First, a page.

Daily Archives: August 30, 2015

Professional Transcription Services and The Human Touch

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Although the avant-garde world has seen many technological advances lead to powerful new tools used in the service of professional transcriptions, the most useful tool remains the original: The talents of the transcription professionals themselves.

In the modern world we’ve become accustomed to continuous technological advancement. Entire year we expect newer and better tools, toys, and ideas that improve our work and make things easier all around. This is just as true in the world of professional transcription services as anywhere else: There are more tools available to succor in business, academic, and legal transcriptions than ever before. These tools have made audio transcription faster, more accurate, and more affordable. They’ve also introduced Cloud-based computing to the industry, meaning that whether you’re in Brisbane, Australia or the North Pole, you can access top-of-the-line transcription tools at any time.

It’s vital, however, to keep in mind that no matter how powerful these tools become, they remain just that: Tools. Audio transcription still requires a mankind brain – a brain supported by tools, yes, but prohibition replaced by those tools. Companies polysyndeton individuals who have tried to replace human beings with technology in order to create transcriptions have always found nothing but frustration, increased costs, and a decline in quality.

Limitations of Technology

The problem with transcription tools is simple: Though computers and machines are very good at detecting furthermore analysing patterns, they are not good at all at being able to think creatively and see where diversions from established patterns actually form a larger pattern. A great example is the slight slurring of ending consonants typical of many regional accents, which often drag the ending ‘s’ sound interested the initiation from the next word. Many speech-to-text software tools struggle with these anomalies. Connective even granting this variation can be programmed into the tool and compensated for, it often then creates a whole new problem when a new touchstone is brought toward the mix.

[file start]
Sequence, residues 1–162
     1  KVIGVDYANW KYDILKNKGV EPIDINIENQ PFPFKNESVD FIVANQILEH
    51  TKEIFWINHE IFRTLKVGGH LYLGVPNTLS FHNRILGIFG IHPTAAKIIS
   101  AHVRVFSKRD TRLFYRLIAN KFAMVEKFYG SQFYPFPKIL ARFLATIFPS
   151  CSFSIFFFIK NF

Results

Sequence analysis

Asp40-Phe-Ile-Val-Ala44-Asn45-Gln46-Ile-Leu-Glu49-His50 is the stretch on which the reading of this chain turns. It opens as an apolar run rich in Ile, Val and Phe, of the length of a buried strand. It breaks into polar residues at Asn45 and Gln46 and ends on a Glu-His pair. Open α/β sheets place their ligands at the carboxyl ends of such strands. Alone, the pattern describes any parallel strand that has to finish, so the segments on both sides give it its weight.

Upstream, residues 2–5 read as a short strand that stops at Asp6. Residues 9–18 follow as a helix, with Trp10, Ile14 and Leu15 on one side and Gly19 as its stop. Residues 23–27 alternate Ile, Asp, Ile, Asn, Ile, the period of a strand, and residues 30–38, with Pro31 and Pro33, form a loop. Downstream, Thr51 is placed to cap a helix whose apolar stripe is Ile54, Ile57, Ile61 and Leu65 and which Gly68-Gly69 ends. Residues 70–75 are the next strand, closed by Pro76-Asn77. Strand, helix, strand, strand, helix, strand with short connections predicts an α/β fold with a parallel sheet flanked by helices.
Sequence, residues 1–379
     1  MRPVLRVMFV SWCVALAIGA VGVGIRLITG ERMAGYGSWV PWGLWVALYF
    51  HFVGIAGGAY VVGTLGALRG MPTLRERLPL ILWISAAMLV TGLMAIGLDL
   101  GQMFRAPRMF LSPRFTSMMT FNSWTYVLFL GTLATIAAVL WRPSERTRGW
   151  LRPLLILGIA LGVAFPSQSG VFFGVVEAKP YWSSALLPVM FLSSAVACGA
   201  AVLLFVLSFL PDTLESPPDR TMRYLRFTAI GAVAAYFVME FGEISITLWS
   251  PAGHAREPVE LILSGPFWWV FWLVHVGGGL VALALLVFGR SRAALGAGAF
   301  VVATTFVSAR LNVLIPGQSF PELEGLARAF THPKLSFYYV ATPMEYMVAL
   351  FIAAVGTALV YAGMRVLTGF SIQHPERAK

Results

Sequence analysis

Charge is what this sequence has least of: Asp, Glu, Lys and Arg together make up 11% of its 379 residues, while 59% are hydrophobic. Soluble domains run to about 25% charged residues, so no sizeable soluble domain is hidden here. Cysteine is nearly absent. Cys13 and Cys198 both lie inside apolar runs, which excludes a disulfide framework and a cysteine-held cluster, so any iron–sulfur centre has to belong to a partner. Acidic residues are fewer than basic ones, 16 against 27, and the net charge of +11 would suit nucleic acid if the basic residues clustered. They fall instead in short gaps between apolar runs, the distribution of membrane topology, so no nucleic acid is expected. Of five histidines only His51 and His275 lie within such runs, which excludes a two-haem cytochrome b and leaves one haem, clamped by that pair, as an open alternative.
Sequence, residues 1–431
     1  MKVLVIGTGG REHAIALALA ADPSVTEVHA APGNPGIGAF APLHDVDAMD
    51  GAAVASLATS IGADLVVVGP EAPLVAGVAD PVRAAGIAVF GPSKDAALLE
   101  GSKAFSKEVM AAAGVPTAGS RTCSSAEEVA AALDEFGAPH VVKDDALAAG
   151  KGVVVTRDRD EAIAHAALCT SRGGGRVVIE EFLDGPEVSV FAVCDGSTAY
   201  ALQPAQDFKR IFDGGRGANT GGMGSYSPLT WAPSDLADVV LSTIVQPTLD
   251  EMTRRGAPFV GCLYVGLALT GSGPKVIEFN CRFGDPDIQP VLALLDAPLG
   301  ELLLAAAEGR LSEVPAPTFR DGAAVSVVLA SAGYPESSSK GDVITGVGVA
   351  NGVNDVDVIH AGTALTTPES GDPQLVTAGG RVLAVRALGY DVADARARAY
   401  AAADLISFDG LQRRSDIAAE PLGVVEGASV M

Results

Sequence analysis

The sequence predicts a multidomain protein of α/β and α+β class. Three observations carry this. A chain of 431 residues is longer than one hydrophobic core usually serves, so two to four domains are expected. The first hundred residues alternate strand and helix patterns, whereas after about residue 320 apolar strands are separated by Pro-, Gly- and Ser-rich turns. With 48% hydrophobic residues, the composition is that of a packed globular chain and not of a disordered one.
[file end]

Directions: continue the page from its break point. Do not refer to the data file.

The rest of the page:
Another limitation is that speech recognition tools have a fixed concept about pitch and volume. Often you must start benchmarks for the software as ‘standard’ levels. Thus, the moment somebody begins speaking in a different pitch else at a different volume, accuracy plummets.

The humanize brain, on the other hand, handles all of these problems without trouble – without any part of preparation at all. When you are hearken to a recording of people speaking, you adjust to the change in pitch and volume and to the oddities of accents without conscious effort, automatically. The human brain thus performs incredibly abstract spiel recognition that is currently far beyond that which any sort of technology is capable of.

Chances are, this isn’t changing much. Whereas considering any sort of transcription work, be leery of ‘fully automated’ systems. If you want high-quality work done fast and done correctly, stickiness with People Power.